28 October 2020

The Role of Robots in COVID-19 Era

By Dr Hudyjaya Siswoyo Jo

The COVID-19 pandemic has affected our lives in every single way. Our daily routines have changed and everyone is trying to adapt to the new normal of maintaining physical distancing, putting extra precaution on personal hygiene, as well as minimising our activities that involve close contact with other individuals.

While we are doing our part to help combat the spread of the disease, there are groups of people who inevitably still need to expose themselves to the potential infection hazard. Laboratory scientists who are running the virus test have to work around the clock to keep up with the amount of test demand each day.

Apart from spending extra working hours, medical personnel need to be in close contact with the infected individuals when testing and treating them, not to mention enduring through the discomfort of being trapped in the medical grade PPE the whole day. So what can technology do to help?

For decades, technological advancements have offered limitless assistance to human beings. We have been enjoying the help of technology in almost every aspect of our daily lives. Now that we are tested in this difficult time, it is timely for us to utilise technologies in helping us to fight against this infectious disease.

With the new routines, requirements and procedures in preventing the spread and treating the disease, researchers and technological companies all over the world have been exploring the use of robots for different tasks. Robots have been tested and deployed in applications such as disinfection, specimen handling, patient care, sample collection, and even law enforcement.

UVD Robot, a Denmark-based robotics company, has developed and produced a range of fully autonomous ultraviolet (UV) disinfection robots that are able to disinfect places like hospitals, airports, schools, hotels, and other public facilities.

Although UV disinfection is proven to be effective, the application of UV disinfection cannot be carried out by human as excessive exposure of direct UV lights can be detrimental to human health. Therefore, the role of robot in performing autonomous disinfection is essential and effective.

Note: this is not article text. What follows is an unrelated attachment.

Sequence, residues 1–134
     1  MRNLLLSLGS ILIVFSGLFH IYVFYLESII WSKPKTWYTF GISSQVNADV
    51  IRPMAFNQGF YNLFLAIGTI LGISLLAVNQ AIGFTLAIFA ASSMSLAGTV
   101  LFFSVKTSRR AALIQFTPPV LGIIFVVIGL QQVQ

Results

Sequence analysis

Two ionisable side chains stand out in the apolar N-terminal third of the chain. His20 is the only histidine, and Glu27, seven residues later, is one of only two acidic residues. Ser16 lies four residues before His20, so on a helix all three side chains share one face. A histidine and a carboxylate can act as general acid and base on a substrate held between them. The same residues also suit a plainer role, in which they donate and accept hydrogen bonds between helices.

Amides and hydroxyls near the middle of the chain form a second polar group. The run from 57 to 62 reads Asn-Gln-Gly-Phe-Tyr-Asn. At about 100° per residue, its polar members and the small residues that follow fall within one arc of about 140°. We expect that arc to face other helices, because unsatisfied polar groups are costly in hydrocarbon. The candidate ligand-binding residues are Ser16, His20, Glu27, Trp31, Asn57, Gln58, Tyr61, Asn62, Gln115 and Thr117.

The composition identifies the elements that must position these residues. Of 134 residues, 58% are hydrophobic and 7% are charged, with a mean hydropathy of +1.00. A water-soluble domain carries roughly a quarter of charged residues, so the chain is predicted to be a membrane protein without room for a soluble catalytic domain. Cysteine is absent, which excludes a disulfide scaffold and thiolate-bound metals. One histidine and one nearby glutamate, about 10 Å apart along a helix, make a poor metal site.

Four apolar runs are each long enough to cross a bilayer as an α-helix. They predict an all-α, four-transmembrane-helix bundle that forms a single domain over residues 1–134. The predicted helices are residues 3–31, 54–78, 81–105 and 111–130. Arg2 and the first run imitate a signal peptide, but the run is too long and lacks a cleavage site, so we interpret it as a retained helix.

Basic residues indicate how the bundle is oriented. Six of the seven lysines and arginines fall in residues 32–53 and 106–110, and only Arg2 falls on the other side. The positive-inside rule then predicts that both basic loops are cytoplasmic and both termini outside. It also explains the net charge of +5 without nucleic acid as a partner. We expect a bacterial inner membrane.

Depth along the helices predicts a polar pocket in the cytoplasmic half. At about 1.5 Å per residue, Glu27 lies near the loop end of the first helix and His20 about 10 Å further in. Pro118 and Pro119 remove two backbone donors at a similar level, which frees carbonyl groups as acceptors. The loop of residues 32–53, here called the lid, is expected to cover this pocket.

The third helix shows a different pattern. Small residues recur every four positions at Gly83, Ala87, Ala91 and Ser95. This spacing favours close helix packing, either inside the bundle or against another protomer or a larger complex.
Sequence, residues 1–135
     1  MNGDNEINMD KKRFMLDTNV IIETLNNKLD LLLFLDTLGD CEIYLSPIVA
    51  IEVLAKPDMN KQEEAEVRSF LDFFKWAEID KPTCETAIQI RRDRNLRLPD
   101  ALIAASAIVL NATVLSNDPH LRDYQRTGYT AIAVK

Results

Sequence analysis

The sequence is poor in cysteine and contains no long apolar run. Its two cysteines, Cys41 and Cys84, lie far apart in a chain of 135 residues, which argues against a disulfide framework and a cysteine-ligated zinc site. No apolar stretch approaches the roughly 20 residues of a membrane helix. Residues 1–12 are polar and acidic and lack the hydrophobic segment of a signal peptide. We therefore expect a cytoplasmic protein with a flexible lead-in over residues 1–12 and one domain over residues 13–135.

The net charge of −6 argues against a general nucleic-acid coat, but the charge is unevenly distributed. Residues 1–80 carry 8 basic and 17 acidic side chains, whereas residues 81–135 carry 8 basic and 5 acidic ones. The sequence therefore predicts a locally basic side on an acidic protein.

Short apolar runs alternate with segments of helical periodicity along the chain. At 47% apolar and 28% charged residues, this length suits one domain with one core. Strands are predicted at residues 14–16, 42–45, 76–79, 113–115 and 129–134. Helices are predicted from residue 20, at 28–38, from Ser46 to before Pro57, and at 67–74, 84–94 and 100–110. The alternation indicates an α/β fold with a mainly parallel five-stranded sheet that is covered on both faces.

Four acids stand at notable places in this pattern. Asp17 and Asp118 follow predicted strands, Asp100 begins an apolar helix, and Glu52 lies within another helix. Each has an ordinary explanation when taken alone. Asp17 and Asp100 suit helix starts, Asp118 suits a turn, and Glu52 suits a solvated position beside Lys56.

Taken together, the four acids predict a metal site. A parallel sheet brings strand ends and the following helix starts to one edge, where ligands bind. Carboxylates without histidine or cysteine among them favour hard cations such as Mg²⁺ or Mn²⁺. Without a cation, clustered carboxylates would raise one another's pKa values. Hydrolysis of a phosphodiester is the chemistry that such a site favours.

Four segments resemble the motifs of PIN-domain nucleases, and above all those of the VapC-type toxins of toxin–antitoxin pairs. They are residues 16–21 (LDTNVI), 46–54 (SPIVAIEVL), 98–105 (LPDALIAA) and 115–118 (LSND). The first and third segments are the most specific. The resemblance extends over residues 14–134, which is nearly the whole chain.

In handling virus test specimen, Flow Robotics introduced a specimen handling robot dubbed ‘flowbot ONE’. The robot is able to automate the testing process by automating the sample handling and pipetting process in the medical laboratory.

The use of this robot greatly reduces the risk of laboratory personnel from being exposed to the live virus as well as to minimise the risk of accidents and mishaps during the testing process. Besides that, the robot is proven to increase the speed and capacity of testing process as compared to manual handling by human.

Closer to home, Malaysian robotics company DF Automation developed a delivery robot by the name of ‘Makcik Kiah 19’ or MCK19 to assist the hospitals in delivering food and medicines to COVID-19 patients in the ward. The robot helps to reduce the workload and eliminate the risk of healthcare workers being infected by the COVID positive patients. Using robots in place of human also means that there will be less PPE being used which is certainly helpful in addressing the shortage of supplies.

With the examples above, we can see the opportunities and advantages that are offered by automation and robotics technologies. This is in tune with the recent survey findings by McKinsey Global Business Executives Survey in July this year. The survey shows that due to digitisation of business processes, 68% of the companies would hire more people in the area of technology and automation during and after the COVID-19 pandemic.

In particular, 35% of the respondents need more workers who are skilled in automation, artificial intelligence (AI) and robotics to support their increasing automated processes during the pandemic. Though all of us have been impacted by this situation one way or another, looking at the bright side, the situation helps to accelerate the development and open up opportunities of technological adoption in many aspects of our daily life.

Dr Hudyjaya Siswoyo Jo is a senior lecturer with the School of Engineering at Swinburne University of Technology Sarawak Campus. He can be reached via email at hsiswoyo@swinburne.edu.my.